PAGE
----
Ensemble learning methods try to improve predictive performance by utilizing multiple learning
algorithms to create a set of classifiers that are all used to determine the best classification. In the
case of SELDOM, ensample learning is used to build a set of dynamic models from experimental
training data. Individual predictions of these models are combined, and spurious interactions in the
combined model are removed in order to reduce the danger of overfitting. This is a fully data-driven
approach that does not require any prior knowledge about either the network or the dynamics of
reactions. This method has been developed and tested for modelling signaling pathways, but a similar
methodology can be applied for modeling of the metabolic network from data. Uniquely, SELDOM
develops models of the network dynamics using ordinary differential equations, and once the model
is created, it can be used to interpret or predict networks’ behavior in new experimental conditions.
This approach of course depends on the availability of appropriate, time course measurements.
Metabolomics or genomics data can be used to discover unknown metabolic pathways and
their regulation, as well as to determine preferred metabolic routes in a particular system with
Metabolites 2018, 8, 4 10 of 16

a known metabolic network. In this application, the goal is the construction of correlation and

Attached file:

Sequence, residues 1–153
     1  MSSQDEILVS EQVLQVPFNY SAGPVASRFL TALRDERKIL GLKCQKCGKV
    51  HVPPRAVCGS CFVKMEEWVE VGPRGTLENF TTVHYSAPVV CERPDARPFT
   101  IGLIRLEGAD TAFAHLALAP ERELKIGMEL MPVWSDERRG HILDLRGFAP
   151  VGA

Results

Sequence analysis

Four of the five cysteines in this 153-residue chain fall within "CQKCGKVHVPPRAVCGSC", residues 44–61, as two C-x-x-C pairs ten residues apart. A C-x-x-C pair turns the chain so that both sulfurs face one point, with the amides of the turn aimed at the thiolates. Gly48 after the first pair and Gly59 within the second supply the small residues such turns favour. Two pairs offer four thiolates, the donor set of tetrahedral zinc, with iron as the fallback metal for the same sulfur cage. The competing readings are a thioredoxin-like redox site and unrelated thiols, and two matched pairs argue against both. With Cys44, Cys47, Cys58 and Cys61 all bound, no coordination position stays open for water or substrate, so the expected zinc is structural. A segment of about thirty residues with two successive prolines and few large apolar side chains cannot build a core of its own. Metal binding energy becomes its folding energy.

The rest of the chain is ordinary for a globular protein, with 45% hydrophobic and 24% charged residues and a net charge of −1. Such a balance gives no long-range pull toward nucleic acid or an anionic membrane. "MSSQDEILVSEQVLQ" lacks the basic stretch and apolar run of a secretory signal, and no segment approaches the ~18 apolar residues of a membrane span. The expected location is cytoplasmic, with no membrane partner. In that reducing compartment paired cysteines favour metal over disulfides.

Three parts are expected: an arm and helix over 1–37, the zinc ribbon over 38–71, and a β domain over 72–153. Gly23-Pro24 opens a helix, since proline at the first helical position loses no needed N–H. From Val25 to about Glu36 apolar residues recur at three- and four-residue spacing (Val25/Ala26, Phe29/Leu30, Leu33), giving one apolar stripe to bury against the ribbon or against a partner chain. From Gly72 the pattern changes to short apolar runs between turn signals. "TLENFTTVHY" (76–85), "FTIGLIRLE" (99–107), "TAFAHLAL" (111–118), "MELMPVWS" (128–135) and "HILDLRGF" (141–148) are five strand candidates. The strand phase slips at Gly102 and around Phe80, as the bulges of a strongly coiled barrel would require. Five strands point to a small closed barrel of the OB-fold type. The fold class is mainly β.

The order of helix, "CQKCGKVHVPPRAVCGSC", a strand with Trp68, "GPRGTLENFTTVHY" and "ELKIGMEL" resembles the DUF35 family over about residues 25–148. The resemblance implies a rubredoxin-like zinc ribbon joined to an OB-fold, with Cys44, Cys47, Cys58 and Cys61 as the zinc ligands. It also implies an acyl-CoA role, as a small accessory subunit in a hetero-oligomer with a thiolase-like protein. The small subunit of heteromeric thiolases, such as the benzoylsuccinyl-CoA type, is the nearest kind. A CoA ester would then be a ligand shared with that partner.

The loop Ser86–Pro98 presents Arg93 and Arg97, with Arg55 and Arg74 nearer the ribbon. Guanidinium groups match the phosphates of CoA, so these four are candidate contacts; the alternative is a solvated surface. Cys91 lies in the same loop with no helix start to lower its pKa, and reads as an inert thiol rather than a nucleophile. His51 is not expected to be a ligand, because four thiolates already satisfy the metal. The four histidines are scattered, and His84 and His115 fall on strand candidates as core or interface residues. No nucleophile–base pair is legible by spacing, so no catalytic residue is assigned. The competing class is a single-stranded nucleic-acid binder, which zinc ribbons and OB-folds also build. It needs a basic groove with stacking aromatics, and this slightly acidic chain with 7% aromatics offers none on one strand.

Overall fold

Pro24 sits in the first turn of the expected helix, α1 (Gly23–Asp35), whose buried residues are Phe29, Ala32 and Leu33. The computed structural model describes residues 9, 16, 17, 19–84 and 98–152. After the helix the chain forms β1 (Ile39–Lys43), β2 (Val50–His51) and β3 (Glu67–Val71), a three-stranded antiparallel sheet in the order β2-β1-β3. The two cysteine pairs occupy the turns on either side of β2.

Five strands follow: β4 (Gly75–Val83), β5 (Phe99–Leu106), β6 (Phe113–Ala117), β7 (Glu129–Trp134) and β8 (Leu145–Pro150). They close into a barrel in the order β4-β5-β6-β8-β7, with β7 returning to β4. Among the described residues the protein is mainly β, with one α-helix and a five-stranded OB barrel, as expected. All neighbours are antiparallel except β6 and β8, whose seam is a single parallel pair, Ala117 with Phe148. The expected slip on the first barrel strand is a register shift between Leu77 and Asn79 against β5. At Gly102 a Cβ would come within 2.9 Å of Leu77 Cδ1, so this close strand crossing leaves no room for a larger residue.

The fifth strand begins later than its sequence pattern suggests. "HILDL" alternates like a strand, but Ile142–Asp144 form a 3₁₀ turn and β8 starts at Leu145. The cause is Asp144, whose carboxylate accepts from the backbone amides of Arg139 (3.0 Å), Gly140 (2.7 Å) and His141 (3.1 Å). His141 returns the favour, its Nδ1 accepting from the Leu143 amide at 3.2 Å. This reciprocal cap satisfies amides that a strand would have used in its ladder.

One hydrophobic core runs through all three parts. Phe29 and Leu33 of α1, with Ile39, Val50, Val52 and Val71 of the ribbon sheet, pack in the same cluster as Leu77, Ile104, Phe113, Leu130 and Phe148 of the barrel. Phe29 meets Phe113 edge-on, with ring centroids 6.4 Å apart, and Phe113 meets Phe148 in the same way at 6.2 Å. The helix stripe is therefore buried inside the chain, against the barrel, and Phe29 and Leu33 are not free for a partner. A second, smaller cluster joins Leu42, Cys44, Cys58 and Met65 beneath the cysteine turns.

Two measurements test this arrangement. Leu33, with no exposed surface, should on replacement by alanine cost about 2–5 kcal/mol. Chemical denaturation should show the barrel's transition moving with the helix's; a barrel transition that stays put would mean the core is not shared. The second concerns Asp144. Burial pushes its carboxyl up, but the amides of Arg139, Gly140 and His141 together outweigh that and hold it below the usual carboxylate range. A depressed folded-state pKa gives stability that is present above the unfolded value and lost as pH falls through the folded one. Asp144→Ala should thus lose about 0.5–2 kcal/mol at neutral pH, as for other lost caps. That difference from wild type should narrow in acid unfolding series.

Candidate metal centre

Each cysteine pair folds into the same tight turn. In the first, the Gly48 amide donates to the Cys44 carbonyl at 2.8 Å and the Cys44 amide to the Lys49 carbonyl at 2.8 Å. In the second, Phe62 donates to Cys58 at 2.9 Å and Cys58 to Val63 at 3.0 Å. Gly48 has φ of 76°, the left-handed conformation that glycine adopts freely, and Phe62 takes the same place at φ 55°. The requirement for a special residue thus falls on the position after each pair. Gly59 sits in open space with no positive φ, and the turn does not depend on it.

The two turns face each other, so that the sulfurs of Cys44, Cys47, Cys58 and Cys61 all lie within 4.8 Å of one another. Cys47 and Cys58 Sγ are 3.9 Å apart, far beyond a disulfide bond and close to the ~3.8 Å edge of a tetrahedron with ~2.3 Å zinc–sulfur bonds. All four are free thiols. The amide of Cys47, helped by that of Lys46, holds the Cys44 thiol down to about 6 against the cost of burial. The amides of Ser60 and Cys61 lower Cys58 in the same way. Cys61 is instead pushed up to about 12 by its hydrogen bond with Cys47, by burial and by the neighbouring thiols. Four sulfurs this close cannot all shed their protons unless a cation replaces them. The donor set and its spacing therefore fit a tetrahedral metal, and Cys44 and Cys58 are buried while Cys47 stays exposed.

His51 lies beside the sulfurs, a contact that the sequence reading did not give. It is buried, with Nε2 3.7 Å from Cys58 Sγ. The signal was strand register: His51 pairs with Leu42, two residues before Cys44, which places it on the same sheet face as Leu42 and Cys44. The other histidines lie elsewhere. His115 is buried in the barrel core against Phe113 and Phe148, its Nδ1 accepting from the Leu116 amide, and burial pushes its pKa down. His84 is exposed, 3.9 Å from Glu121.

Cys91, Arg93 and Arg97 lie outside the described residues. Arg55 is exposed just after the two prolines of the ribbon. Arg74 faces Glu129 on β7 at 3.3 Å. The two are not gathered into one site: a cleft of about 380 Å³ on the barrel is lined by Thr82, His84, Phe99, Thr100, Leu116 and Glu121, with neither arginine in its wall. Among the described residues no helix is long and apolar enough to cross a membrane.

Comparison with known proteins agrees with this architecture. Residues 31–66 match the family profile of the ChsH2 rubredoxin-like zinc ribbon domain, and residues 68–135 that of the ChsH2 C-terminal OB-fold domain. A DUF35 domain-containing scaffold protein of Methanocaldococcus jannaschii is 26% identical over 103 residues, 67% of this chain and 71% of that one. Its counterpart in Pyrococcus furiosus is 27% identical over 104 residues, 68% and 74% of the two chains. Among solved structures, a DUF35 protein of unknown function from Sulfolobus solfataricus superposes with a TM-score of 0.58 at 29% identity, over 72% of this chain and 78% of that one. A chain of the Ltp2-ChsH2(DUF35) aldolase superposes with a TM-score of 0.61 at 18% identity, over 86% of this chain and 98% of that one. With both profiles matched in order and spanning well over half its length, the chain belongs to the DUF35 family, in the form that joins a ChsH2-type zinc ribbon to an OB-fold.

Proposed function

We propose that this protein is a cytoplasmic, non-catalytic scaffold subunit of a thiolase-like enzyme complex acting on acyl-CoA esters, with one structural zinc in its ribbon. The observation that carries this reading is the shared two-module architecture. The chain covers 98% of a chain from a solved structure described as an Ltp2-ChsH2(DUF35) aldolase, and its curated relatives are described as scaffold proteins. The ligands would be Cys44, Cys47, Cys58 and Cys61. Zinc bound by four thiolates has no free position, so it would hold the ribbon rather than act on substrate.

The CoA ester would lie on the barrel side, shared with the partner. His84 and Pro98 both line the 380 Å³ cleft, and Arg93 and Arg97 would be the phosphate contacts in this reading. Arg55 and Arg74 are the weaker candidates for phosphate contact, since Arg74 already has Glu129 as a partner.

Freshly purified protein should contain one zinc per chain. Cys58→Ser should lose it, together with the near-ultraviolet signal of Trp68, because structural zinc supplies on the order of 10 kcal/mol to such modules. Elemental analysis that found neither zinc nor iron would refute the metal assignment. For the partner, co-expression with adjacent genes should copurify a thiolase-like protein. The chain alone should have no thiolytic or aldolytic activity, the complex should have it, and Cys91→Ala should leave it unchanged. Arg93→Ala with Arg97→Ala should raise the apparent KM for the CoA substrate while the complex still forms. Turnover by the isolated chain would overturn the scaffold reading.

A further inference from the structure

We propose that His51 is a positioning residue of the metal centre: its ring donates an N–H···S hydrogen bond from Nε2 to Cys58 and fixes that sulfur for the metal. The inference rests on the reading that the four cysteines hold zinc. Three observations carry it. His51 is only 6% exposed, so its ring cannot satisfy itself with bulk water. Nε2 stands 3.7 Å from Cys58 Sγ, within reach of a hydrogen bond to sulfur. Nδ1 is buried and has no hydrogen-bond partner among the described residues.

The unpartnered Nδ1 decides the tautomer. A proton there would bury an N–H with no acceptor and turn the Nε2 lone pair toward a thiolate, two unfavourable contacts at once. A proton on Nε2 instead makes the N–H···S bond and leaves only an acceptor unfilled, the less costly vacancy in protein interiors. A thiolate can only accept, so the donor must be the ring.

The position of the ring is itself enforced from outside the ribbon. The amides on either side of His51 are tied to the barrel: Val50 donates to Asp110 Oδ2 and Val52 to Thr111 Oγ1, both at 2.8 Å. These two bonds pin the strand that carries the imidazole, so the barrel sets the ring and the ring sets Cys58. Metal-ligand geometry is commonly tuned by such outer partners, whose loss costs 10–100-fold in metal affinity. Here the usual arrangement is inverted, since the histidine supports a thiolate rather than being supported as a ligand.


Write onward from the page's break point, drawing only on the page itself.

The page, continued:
causation networks between metabolites. The correlation network determines the probable relation
between metabolites and enzymes using usually statistical analysis of measurements from different
biological conditions. The correlation network provides static information about the most likely
network. The causation network is usually obtained from time series metabolomics data and provides
cause-effect information about the metabolites in the network. Some examples of methods used for
causation network determination are dynamic Bayesian models, Granger causality approaches, as well
as the BST-loglem approach, which combines mathematical and statistical methods [63].
Machine learning has been used to predict inhibitory effects of substances on the metabolic
network. In the examples presented by Tamaddoni-Nezhad et al. [79,80], background knowledge
including network topology and functional classes of inhibitors and enzymes, although incomplete,
was used to interpret NMR metabolomics measurements of urine samples following injection of toxins.
In that work, logic-based representation and a combination of abduction and induction methods was
used to model inhibition in the metabolic network aimed towards prediction of inhibitory side effects
of drugs. Abductive learning encompasses methods for finding the best explanation of observations.
In the work of Tamaddoni-Nezhad et al., the abduction approach was utilized to form hypotheses
related to enzyme inhibition by drugs from the NMR metabolomics data. In inductive learning,
the method tries to determine a general rule from observations resulting in assignment of a class label
to the input. In the example presented in [79,80], inductive learning was used to generate knowledge
that can come either directly or indirectly through the current theory, but can extend and add new
interrelationships and new links between relations in the model. The abduction and induction learning
can be subsequently performed in a cycle continually adding explanations of the observations to the